I came to the USA in 1989, expecting to stay for 3 years and then return to Europe. For the next three years, I lived in Cambridge, and came to like baseball, and especially the Boston Red Sox.
The first game I went to at Fenway was a pitching duel between Clemens, then of the Sox, and Saberhagen, then of the KC Royals. It was on April 18, 1991. I know because I just found the box score. The names (e.g., Boggs, Burks, Greenwell, Reardon) show how long ago that was.
Another indicator of how long ago that was: Tim Wakefield wasn’t with the Sox. I saw the most recent of his many Sox starts on Friday. It was a lot of fun, even though the Sox lost. They did so in extra innings, so it’s just as well the game was briskly played. Wakefield works quickly, even though his pitches don’t move quickly. His fastball is 70-something mph. That’s quite a contrast, though, with his trademark 60-something knuckleball. It’s also a contrast with every other pitcher we saw. The Sox relievers, and the Mariners pitchers, threw hard, with changeups going over 90.
It wasn’t Wake’s best start, and can’t have improved his chances of making the All-Star roster. But make it he did: Tim Wakefield is an American League All-Star. He’s the pitcher in the picture. I think that the hitter is Griffey.
Red Sox season dawns
As sunset threatens the Globe
Boo Big Apple twice.
Here in Boston, it’s Red Sox opening day. Or at least it would be, had weather not caused the postponement of the (home) opener until tomorrow.
Another stream of local news focuses on the Globe, the newspaper in danger of closure. The direct source of the threat is the New York Times, owner of the Globe. Jay Fitzgerald (with the help of “ExGlobieInTheNickOfTime”) questioned NYT’s reasoning.
There has got to be something really wrong with 85 million dollars in annual losses … Either the number is crap, or if it’s close to true, it indicates the entire Globe business is crap, and what the heck has the NYT Co. been doing with the Globe for the last several years?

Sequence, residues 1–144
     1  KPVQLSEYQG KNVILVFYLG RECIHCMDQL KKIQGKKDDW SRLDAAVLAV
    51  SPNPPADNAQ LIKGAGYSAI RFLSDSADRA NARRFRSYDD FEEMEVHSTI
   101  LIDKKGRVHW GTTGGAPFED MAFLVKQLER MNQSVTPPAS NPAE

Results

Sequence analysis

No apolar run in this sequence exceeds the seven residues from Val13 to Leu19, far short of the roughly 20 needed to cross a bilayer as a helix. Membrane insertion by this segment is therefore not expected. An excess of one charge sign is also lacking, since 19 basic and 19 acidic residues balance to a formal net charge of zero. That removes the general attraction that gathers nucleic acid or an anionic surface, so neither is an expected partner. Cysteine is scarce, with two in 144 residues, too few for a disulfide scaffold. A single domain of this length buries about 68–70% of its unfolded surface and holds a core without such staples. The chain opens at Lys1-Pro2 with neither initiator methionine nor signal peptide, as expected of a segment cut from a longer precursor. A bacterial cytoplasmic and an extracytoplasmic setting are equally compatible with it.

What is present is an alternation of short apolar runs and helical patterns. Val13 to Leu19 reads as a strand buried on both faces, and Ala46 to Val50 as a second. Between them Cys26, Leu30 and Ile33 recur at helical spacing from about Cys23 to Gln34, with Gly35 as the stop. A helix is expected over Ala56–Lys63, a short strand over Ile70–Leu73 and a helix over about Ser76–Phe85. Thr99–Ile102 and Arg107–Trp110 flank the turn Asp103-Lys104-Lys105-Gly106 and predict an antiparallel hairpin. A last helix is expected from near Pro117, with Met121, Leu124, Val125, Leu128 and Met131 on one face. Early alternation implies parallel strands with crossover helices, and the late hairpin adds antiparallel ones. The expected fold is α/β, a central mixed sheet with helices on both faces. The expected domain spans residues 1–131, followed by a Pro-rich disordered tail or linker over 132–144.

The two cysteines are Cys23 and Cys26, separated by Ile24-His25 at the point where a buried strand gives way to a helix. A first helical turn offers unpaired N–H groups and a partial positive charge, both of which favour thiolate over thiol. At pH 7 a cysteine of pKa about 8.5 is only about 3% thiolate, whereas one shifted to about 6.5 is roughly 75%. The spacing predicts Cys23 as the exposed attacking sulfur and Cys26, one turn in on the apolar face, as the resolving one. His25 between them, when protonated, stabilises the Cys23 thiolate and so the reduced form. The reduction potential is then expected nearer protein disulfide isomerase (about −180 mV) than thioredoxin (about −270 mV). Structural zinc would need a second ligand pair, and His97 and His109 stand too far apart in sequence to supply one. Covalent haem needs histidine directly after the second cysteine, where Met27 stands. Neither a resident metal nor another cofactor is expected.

This via Universal Adam, who also provided a roundup of blogging about the prospect of a Globe closure.
Since I wrote the haiku, the Sox opener has been postponed until tomorrow. That seemed like a good idea when I heard about it this morning, and seems like an even better idea given the rainstorm I’ve just come in from.
The big Boston sports story is the trade of Manny Ramirez. Universal Adam links to a plethora of posts. One of them is Dan Kennedy’s argument that the Red Sox did pretty well — financially, too, despite their agreeing to pay Manny’s salary for the rest of the season.
I was among those who thought that the Sox had given away too much: a hall-of-fame hitter, the $7M he will make for the rest of the season, and two young players. But Jason Bay seems like a pretty good player, is younger than Manny, and is under contract for next year. And neither of the young players is a top prospect. Most of all, Manny had to go.
The big word sports story is the Beijing Olympics. I don’t care about the sports so much, although the politics and the pollution provide an interestingly murky environment.
Birmingham? I refer to England, rather than to Alabama, and in particular to the Edgbaston cricket ground. Test matches, although they last five days, often end in draws. But this one is looking like another victory for South Africa over England, unless there are further heroics from Andrew “Freddie” Flintoff.